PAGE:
Dirty Pretty Things


dirty pretty thingsYou are surrounded by bodies. They pass you on the street on your way to the corner store. You catch a glimpse of one as it wipes out an ashtray or sprays down a window. These are the people in your neighborhood; the people that you look away from each day.

Okwe (Chiwetel Ejiofor) is one of those bodies. He works two menial jobs in London, sleeps on couches and park benches, and struggles to forget a past that seems like it must’ve been someone else’s life. He is the kind of person who usually disappears out of the corner of your eye, falling off the edge of the screen: A discarded penny, a dirty pretty thing.

Director Stephen Frears’ new film Dirty Pretty Things is about life on the peripherals. It’s about the secret lives of nobodies, the beauty, terror and compassion that exists at the end of the road. It’s about a world that’s cannibalistic, mercenary, full of unseen dangers – the world most of us ignore.

Okwe works days as a taxi driver and nights as a hotel desk receptionist. He discovers a human organ in a plugged toilet at the hotel one night, but he cannot go to the police because he is an illegal alien. He is led into a conspiracy as he tries to understand the meaning of the organ and tries to make sense of a world where such vital parts can be tossed away.

His Nigerian body is marked as criminal, its otherness serving as a sign to the police that he does not belong to this world, but he’s not alone in the crowd. Senay (Audrey Tautou), a Turkish woman who has sought asylum in England and allows Okwe to sleep on her couch, is also very much a stranger to the city. She is permitted to live there but not to work and when immigration officials suspect her of having a job, she’s hunted like an animal.

People push their bodies in the film until they give out, break apart, crumble to the ground empty. Okwe must take herbs to stay awake while others sell their bodies as sex objects or work in sweatshops as imperfect but inexpensive machines. The empty quality of their work mirrors their social position: They are ghosts, transparent, disposable.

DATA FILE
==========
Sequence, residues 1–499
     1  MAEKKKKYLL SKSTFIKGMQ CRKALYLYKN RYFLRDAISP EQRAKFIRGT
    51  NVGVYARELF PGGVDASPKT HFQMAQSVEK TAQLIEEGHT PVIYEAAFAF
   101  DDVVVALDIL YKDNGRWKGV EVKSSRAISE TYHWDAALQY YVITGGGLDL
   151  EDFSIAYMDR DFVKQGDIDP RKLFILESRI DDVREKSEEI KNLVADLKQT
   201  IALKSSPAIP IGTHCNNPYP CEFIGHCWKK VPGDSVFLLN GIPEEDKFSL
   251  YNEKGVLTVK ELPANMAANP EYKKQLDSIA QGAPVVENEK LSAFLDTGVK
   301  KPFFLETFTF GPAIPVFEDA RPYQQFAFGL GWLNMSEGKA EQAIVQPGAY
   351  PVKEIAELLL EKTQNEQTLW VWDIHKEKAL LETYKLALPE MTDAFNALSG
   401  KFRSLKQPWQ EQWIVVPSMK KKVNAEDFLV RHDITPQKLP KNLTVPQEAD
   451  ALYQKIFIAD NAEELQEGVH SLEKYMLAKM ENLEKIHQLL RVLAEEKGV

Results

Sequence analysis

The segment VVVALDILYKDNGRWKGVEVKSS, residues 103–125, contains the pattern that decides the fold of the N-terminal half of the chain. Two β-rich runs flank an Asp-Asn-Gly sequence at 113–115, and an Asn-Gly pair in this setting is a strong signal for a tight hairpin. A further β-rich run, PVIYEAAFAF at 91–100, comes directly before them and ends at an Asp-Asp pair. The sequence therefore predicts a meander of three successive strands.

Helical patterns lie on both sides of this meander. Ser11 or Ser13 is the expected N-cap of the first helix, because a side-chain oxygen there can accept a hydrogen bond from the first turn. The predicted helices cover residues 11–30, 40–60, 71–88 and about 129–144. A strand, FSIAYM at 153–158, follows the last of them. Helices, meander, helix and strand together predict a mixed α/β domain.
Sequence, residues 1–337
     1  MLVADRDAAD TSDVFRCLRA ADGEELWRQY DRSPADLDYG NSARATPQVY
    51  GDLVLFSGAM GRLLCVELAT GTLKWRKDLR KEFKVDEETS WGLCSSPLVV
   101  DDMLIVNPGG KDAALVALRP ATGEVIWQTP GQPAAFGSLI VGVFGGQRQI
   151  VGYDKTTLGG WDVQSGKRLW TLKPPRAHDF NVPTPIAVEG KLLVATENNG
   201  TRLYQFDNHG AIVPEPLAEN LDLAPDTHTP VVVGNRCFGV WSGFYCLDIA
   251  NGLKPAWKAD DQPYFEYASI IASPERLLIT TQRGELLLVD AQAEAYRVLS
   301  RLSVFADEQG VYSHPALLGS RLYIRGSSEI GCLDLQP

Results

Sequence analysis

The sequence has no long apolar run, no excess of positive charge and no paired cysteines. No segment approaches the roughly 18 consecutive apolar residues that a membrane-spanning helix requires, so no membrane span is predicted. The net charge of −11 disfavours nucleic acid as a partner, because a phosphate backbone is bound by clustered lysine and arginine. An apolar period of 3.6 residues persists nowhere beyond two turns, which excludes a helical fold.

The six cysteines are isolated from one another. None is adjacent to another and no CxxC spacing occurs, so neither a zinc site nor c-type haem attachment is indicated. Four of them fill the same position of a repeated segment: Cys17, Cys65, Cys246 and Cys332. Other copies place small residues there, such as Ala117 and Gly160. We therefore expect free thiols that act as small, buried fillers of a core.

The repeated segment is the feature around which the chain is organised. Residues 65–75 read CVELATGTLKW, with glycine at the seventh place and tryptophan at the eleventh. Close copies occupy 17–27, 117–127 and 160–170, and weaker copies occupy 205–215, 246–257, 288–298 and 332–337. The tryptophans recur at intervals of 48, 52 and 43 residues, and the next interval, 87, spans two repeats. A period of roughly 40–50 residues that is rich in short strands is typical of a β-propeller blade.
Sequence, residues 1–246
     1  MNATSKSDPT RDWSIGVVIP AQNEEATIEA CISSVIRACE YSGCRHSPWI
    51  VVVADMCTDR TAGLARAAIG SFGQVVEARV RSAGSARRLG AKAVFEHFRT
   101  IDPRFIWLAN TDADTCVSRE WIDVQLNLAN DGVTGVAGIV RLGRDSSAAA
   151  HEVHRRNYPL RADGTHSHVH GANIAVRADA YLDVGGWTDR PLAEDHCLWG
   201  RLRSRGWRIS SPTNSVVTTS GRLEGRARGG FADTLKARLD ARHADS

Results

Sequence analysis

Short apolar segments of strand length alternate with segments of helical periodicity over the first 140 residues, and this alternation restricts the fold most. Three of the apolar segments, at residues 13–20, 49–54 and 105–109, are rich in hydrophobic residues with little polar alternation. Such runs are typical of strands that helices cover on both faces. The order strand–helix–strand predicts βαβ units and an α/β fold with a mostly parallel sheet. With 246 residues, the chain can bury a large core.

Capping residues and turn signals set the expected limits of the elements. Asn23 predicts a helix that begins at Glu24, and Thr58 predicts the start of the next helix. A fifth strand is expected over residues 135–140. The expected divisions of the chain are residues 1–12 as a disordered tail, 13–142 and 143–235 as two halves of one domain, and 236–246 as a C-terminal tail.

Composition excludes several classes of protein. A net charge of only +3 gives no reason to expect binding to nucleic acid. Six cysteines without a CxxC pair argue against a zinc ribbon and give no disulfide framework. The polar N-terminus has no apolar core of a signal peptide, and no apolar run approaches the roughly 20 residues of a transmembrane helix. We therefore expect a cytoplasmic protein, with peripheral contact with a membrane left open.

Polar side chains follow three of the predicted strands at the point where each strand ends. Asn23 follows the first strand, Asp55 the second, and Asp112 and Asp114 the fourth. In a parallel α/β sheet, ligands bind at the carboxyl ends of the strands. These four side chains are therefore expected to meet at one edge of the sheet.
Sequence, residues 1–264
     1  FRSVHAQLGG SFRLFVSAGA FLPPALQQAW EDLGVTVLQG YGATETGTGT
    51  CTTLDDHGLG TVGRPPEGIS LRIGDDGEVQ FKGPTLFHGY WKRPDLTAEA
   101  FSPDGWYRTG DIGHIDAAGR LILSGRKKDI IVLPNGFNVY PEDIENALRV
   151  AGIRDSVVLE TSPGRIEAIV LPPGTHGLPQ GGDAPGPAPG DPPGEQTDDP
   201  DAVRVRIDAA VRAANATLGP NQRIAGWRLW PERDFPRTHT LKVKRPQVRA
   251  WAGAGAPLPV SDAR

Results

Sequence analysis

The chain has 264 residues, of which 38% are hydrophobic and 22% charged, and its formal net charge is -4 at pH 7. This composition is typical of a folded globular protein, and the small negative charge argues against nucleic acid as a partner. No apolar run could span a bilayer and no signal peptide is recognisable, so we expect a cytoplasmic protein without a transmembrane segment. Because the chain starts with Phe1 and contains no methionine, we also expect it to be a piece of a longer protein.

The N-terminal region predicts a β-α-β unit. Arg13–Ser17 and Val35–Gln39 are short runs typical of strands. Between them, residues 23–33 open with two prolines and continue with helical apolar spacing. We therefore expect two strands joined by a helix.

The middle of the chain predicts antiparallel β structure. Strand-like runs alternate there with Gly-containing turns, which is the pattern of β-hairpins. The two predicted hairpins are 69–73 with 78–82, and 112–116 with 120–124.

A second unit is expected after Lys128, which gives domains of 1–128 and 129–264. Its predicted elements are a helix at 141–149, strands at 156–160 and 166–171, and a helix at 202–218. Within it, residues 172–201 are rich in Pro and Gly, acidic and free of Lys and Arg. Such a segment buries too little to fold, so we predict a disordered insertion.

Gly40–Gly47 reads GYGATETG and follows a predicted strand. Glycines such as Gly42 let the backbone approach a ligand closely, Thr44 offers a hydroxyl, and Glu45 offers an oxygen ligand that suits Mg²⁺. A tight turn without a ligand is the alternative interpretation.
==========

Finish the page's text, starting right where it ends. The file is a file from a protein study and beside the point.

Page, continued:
They are castaways who perform the lowest duties possible. Unable to work legally and living one day to the next, they are singled out because they are different. But this difference is only skin deep. Their bodies have value after all. You just need to dig deeply into them and you will discover, as hotel manager Sneaky (Sergi Lopez) has, that we’re all the same inside.

Sneaky sells human organs. He takes the ‘dirty’ parts embedded in illegal immigrants and sells them to clean national-born citizens. In exchange for donating their bodies, these immigrants are given clean passports. For if thy wetback offends you, I say, cut it up, for it is better to be free with one eye, than to remain a slave with thy filthy body intact.

This gruesome bargain is contrasted in the film by a love affair that develops between Okwe and Senay. The body is a fascinating object, capable of infinite dissection, but only a person can love. The film’s tenderness is so subtle and real that it’s impossible to resist its draw.

You can pull the heart from the body, but you cannot prevent it from falling in love.


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